EDGE Kenya Slideshow

EDGE regional training courses are the first stage of the EDGE Fellowship scheme, a two-year training programme designed to equip early-career conservationists working on EDGE species with the tools to become successful conservation leaders. The rigorous training component of the scheme ensures that Fellows gain the scientific grounding and practical experience to plan and implement their Fellowship projects and make a significant contribution to the conservation of their focal species.

If you would like more information about the EDGE Fellows Programme, please download the information sheet and if you are interested in applying for a Fellowship, please click here

  • EDGE Conservation Tools training course 2013
    Each year, as part of the EDGE Fellowship programme, ZSL runs an EDGE Conservation Tools training course, bringing together early-career conservationists from around the globe working on mammal, amphibian and coral EDGE species. © Olivia Couchman / ZSL
  • EDGE Conservation Tools training course 2013
    Based within Rukinga Sanctuary, in 2013 six international and two Kenyan participants joined experts from ZSL for four action packed weeks of intensive training in the tools required to design, implement and manage successful conservation projects. © Olivia Couchman / ZSL
  • Course outline
    Through a series of lectures, hands-on practicals and assessments, participants were taught core modules: the principles of conservation biology, ecological monitoring, social science surveying techniques, and applied conservation action. © Olivia Couchman / ZSL
  • Getting to grips with GIS
    Participants had the opportunity to learn and apply a vast array of new statistical tools. © Olivia Couchman / ZSL
  • In search of an EDGE species
    As a break from the classroom, the participants had a chance to visit a ZSL supported project in Sagalla hills. Taita Taveta Wildlife Forum kindly took us to the site of an EDGE species, the Sagalla caecilian, sadly there was no sign of this endemic species. © Olivia Couchman / ZSL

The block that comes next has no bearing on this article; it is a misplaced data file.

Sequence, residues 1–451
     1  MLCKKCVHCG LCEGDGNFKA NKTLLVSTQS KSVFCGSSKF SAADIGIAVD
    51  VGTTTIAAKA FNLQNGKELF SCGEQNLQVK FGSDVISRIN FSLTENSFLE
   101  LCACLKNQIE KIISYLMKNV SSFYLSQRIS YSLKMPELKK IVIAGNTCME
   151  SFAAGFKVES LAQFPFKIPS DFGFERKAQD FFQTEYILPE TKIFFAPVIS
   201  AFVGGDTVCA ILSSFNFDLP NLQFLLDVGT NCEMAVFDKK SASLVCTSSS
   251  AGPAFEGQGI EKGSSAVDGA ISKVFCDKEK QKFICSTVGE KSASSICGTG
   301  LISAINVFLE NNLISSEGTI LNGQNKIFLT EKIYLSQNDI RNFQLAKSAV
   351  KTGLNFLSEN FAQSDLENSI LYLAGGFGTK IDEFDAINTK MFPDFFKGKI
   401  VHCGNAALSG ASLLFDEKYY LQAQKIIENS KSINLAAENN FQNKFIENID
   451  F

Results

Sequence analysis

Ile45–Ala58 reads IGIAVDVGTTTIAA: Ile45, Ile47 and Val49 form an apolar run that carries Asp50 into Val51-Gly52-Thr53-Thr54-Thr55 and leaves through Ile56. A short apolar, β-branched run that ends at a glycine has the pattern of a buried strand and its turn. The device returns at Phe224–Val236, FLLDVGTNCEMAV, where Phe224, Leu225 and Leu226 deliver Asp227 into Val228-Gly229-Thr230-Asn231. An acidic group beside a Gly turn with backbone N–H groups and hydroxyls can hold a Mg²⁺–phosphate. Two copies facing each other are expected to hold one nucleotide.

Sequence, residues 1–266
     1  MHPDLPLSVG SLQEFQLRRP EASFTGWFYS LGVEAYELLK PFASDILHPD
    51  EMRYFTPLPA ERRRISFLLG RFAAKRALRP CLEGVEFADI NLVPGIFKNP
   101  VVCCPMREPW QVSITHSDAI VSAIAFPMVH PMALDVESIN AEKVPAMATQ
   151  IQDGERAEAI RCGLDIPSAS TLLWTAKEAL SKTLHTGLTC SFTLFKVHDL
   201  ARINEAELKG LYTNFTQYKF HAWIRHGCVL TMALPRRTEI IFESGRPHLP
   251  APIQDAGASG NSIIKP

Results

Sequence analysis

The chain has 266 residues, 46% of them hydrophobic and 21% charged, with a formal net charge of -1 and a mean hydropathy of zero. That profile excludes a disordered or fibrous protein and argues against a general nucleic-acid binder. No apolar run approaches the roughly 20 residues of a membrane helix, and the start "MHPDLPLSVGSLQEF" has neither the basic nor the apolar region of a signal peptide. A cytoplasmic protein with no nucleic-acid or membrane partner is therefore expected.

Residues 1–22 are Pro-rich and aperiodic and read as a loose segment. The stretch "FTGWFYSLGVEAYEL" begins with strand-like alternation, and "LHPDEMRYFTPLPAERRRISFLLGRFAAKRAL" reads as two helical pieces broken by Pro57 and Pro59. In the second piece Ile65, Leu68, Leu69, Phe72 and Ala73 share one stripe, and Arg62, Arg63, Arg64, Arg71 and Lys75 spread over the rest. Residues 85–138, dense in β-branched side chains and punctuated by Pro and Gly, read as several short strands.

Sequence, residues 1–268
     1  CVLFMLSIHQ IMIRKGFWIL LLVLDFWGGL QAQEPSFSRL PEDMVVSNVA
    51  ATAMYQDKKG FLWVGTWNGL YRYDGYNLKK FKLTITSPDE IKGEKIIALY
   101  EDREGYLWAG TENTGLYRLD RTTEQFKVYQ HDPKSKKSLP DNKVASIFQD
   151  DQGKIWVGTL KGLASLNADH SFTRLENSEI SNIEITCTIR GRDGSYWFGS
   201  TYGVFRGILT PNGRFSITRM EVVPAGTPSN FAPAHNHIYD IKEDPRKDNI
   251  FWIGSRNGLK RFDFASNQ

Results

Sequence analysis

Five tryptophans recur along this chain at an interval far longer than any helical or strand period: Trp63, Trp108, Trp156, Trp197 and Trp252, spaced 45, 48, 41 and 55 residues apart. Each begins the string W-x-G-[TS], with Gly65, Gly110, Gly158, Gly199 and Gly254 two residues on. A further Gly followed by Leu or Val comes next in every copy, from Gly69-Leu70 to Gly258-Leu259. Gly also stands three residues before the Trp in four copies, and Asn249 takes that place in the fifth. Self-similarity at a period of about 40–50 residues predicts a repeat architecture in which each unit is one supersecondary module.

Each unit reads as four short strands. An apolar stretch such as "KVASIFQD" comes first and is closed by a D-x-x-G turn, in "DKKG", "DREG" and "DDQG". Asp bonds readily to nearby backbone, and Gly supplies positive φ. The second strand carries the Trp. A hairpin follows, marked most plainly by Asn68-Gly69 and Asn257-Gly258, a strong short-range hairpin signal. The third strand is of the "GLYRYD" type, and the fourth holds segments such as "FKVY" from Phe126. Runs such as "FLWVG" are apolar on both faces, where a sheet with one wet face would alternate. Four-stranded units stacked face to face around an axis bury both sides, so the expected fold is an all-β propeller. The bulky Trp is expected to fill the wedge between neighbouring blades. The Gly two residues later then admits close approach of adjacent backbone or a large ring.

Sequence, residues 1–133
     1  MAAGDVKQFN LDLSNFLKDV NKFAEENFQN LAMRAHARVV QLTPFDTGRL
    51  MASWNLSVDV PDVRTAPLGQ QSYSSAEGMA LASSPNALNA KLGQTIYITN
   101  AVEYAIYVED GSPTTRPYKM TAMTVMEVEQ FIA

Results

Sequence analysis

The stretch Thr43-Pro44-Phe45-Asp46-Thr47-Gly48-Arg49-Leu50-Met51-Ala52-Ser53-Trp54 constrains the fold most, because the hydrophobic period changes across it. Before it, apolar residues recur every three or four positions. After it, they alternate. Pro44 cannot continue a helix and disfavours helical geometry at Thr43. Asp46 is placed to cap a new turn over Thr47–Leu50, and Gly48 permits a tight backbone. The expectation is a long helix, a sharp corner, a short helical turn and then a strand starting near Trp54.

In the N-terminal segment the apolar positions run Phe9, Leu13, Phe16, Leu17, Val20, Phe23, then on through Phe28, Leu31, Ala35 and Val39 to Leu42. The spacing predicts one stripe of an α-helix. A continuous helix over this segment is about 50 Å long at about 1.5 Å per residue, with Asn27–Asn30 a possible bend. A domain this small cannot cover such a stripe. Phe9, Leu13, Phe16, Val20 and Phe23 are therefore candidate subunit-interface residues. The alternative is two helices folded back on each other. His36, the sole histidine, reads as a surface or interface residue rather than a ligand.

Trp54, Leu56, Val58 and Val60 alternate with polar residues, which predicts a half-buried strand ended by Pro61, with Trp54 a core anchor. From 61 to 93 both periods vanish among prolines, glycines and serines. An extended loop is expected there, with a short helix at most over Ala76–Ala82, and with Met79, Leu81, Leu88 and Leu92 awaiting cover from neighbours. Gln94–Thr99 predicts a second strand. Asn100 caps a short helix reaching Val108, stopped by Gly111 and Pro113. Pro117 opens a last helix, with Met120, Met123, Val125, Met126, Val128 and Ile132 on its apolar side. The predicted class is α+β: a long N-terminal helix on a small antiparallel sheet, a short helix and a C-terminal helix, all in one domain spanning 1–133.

• Community-led initiatives
    A visit to a local women’s group enabled the participants to learn more about community-led initiatives in Kenya and think creatively about the applicability of some of the principles to their own projects. © Olivia Couchman / ZSL
  • Lights, camera, ACTION!
    To practice the communication training that they were given, each participant underwent a series of interview scenarios. © Olivia Couchman / ZSL
  • Rukinga Sanctuary
    Towards the end of the course, the participants undertook a week of intensive fieldwork within Rukinga Sanctuary… © Olivia Couchman / ZSL
  • Small mammal surveys
    In the acacia dominated land of Rukinga Sanctuary small mammal surveys were carried out using Sherman traps. Early each morning the traps, which were baited the night before, were checked for mammals. When the animals were caught, they were identified and biometric measurements taken before being released back into the wild. © Olivia Couchman / ZSL
  • Herpetofauna surveys
    Herpetofauna surveys were carried out in and around camp. As with the small mammals, when the animals were caught, they were identified and biometric measurements taken before being released back into the wild. © Olivia Couchman / ZSL
  • Camera trapping
    Another field skill developed during the course was setting up and analysing camera trap data. Among the photos of warthog, eland, and elephants was the spectacular Secretary bird. © Wildlife Works
  • Congratulations!
    All of the participants successfully completed the training course and were presented with certificates to mark their achievements. The EDGE team is now working with the course participants to develop their EDGE Fellowships. If you are interested in attending the next training course and becoming an EDGE Fellow, please contact fellows@edgeofexistence.org. © Olivia Couchman/ ZSL